An interesting call from a LondonJazz reader who likes my Opera House story, particularly because it is- as ever- a demonstration of the ocean-like disparity between public funding into jazz and that into opera, with their similar-sized audiences…… The Arts Council in most years and by most measures spends between 40 and 60 times on the latter what it spends on the former….
He tells me the latest. Arts Council-funded consultants are running around with an “evaluative study” and now a report trying to persuade the world at large that a theatre in Manchester currently most famous for its blue plaque to comedian Les Dawson absolutely needs an uncertain amount somewhere north of £100m spent on it, plus roughly £10m a year subsidy…. And that the end-result, wait for it, will be that the Royal Opera will be able to create some additional jobs in the North, and thereby demonstrate that it is a national opera company!
It all seems, my caller thinks, like a script for an episode of Yes, Minister. Both the current DCMS Secretary of State Andy Burnham and his immediate predecessor James Purnell represent Manchester constituencies. So DCMS civil servants have found a means to sweeten up their Secretaries of State while they remain in office. The ministers can keep in the public eye a juicy appetising mother-in-law of a DCMS-led capital project in, guess where, Manchester.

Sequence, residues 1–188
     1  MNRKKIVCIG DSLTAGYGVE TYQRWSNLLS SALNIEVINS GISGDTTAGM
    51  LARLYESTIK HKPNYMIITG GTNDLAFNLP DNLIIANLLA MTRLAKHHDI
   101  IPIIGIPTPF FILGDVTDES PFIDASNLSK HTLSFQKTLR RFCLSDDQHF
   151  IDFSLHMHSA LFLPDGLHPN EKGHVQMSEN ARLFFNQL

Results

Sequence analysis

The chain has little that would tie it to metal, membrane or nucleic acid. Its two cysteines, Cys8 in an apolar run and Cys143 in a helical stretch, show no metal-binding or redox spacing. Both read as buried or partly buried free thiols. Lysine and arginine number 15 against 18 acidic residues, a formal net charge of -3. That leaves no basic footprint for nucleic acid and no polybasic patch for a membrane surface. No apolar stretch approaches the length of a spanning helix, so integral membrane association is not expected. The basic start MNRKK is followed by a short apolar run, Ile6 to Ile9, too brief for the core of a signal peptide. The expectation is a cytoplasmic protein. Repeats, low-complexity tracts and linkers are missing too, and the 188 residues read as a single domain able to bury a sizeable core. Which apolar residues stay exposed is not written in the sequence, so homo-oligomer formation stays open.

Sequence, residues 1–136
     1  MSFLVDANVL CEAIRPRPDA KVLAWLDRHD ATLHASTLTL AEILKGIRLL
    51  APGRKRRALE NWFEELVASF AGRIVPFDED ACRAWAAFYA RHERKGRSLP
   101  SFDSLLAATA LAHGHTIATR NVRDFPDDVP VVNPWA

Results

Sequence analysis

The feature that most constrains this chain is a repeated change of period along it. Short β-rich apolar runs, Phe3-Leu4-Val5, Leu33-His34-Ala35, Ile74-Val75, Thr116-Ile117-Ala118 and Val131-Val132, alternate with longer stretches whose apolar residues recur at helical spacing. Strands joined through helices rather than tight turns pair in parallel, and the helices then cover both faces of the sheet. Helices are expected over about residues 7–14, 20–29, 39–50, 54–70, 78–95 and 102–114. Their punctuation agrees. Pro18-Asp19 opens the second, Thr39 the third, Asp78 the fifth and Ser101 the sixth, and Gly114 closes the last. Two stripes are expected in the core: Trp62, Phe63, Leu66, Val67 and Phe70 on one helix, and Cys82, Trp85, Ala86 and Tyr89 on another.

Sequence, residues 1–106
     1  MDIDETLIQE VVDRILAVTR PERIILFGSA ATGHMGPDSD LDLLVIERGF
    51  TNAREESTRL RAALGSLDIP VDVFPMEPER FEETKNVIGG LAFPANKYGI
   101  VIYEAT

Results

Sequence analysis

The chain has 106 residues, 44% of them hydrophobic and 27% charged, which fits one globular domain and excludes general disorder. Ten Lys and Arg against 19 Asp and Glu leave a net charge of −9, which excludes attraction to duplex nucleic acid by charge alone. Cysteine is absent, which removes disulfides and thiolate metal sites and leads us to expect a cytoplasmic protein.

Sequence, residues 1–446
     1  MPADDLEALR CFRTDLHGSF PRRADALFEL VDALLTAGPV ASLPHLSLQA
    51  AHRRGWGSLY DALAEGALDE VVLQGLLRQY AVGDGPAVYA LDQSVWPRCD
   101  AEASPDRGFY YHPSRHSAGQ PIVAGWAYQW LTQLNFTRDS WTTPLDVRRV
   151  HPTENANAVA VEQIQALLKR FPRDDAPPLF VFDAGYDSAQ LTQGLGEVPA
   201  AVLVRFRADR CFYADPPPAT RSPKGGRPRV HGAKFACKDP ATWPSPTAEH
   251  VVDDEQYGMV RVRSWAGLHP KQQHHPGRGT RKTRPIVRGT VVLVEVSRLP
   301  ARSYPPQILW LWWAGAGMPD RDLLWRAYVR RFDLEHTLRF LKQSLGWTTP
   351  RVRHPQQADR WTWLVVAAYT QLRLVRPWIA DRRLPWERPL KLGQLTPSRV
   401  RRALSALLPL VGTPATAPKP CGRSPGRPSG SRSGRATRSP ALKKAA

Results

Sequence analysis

But the consultant has buried a nice bit of deliberate sabotage! In the following vintage paragraph he alludes to the fact that the DCMS/ACE have proved to be collectively so goddam useless at running capital projects, that wherever they set a “budget”, costs inevitably and inexorably spiral and loop completely out of control:
“The Capital costs of the refurbishment of the Palace Theatre are stated to be of the order of £70m-£85m in the proposal. In making a decision in principle on whether to develop plans further, ACE should be mindful of its experience of similar works on heritage buildings. It is expected that it will consult in due course its partners at the Heritage Lottery Fund. At this stage everyone should be assuming a likely level of final expenditure of the order of £100m, although that should not be the agreed budget figure (if it is, the final cost will be higher).”
The consultant also notes that the Royal Opera’s estimates of the annual black hole to fill with subsidy fall in conveniently just below eight figures, at precisely £9,616,377.
What would Les Dawson- or indeed your average jazz musician think about these lavish plans? “My family was so poor that if I hadn’t been born a boy, I wouldn’t have had anything to play with.”